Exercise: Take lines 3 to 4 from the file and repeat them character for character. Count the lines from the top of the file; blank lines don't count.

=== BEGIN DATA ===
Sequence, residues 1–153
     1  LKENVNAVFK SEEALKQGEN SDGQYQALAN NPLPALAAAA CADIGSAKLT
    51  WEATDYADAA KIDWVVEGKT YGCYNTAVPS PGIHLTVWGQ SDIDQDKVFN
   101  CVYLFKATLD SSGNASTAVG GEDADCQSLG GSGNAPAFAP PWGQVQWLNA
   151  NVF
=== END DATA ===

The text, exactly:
    51  WEATDYADAA KIDWVVEGKT YGCYNTAVPS PGIHLTVWGQ SDIDQDKVFN
   101  CVYLFKATLD SSGNASTAVG GEDADCQSLG GSGNAPAFAP PWGQVQWLNA